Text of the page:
What kind of IT support do you need both internally and externally from your cloud provider?

It is a partnership really, so they need understanding of our business. One of our staff members is designated as the coordinator for IT issues with Novosco, our cloud computing provider. All queries go through him.

You now have two years of cloud experience behind you. What operational benefits has it brought to the practice?

Cost savings, reduced downtime and more office mobility are the main benefits we have experienced.

Does being in the cloud bring any benefits to your clients?

Yes, we are more accessible, especially for audit staff if they are out with a client, another client can still contact them and our staff can access any files on the system.

What advice would you give to a professional firm considering moving their operations to the cloud?

Plan, plan, plan.

Related: Cloud computing: what’s in it for my business?

What is next for Anne Brady McQuillans DFK?

Our next move is into VOIP Technology so that we can streamline telecommunications while reducing total cost.  Voice over IP systems promise to increase productivity while lowering costs – a win-win situation for businesses. The basis of this claim is the technology’s convergence of voice and data onto a single unified network. Users enjoy easier access to information, greater flexibility, and more advanced functionality. The streamlined infrastructure is easier and cheaper to maintain than traditional telecommunication systems.

Thank you to Anne for sharing your firm’s experience in this interview. Have you had experience of moving your firm to the cloud? Share your thoughts in the comments below!

Helen Cousins, a chartered accountant by profession, is a business mentor, trainer and consultant for a wide range of Irish SMEs, often working under the auspices of state agencies via her company Xcel Business Solutions. In a successful career spanning more than 25 years, Helen worked in accountancy practice for PricewaterhouseCoopers, and worked in Financial Controller and senior management positions in manufacturing industry, before starting her own consultancy for small businesses. Helen is also a self catering entrepreneur, operating her own self catering holiday home business in Wexford. She is a director and former Chair of the Irish Self Catering Federation, and she works closely with the tourist industry in Ireland.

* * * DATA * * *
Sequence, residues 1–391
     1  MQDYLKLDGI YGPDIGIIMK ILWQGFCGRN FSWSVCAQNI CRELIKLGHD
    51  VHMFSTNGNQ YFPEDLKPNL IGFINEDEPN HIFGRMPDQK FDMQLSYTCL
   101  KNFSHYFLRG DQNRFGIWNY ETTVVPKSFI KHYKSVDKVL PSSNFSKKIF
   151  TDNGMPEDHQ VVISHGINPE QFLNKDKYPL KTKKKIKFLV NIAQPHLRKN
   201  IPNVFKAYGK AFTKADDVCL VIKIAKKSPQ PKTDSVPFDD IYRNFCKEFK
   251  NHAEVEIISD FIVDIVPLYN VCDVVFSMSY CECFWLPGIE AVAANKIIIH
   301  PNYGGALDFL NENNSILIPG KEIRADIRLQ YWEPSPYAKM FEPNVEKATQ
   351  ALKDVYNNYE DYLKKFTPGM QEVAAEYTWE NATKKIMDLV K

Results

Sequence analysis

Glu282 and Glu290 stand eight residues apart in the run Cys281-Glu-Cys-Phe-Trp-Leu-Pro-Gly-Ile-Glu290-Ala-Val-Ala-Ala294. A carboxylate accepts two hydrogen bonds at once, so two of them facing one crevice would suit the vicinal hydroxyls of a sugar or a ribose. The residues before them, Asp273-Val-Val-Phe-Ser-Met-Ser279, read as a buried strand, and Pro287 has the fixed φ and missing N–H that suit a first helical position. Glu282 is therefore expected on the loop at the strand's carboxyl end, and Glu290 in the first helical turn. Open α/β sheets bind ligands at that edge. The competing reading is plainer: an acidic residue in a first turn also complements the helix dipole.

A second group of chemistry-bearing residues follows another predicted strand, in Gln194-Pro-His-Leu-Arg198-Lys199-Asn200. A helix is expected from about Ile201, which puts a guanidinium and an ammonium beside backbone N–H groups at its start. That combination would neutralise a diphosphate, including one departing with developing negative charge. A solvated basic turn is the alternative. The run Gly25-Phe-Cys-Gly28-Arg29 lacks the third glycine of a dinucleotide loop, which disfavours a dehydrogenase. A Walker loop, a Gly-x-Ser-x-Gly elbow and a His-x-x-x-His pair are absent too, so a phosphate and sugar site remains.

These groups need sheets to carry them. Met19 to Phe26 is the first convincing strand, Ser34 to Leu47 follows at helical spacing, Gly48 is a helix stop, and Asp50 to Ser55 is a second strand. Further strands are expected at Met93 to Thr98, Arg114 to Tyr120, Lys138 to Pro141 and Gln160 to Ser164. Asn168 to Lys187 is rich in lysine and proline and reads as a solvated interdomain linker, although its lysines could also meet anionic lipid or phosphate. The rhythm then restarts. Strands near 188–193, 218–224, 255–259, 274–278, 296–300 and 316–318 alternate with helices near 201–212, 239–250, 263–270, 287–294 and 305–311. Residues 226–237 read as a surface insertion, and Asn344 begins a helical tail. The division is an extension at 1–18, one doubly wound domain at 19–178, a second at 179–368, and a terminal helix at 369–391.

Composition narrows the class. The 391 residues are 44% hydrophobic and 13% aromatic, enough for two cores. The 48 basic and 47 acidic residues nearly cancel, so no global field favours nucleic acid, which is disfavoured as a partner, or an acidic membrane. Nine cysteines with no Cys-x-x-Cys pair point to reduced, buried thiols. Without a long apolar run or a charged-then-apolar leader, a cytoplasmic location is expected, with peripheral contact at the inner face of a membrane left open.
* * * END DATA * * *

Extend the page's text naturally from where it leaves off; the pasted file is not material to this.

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  • This is a great story and will inspire other businesses to make the jump. Ultimately the cloud is about increased business efficiency and Anne’s business is now proof it works. Well done Helen, on another insightful interview and thanks to Anne for sharing her experience.  

  • Anne engages with technology when she can see a real benefit and really puts effort into planning and execution. Her hard work has been rewarded in the cloud. Thanks Niall.
    ~ Helen

  • Barbara Verner

    Hi Sian! Thank you for posting my feature and for your comments. I definitely agree that accountants (humans) are still essential in any business process. Due to their experience, they are the best resource for financial management. Although, some entrepreneurs prefer using software over accountants, I would still recommend them to hire an accountant. As Steve Jobs once said “We still need our trucks.” In this case, accountants are “trucks” that help move businesses forward. Again, thank you for publishing my feature. Have a good day!

  • Yes I agree to you Sian. Having an accountant can help you more, like what the advantages stated above. Software is also helpful in accounting in terms of the accuracy of calculations of the finances. Nowadays, it’s really intriguing to clash the advantages and disadvantages of an individual with profession and computers in terms of performing a task.

  • Welcome to Tweak Your Biz Ray and thanks for a great first post. I look forward to seeing more from you.

  • Peter Watson

    Thanks Sian. We get asked a lot of question regarding business loans and its always surprising how unprepared some business owners are. Touching up on some general information can be the difference between a successful applicant and a an unsuccessful applicant.

  • Harry

    Peter – Excellent advice. I would also add that you need to have all documents in order before you apply for the loan. Any lender will ask to see your financials, sometimes dating back 3 years, to ensure the business is on the sound footing.

  • Peter Watson

    Thanks Sian.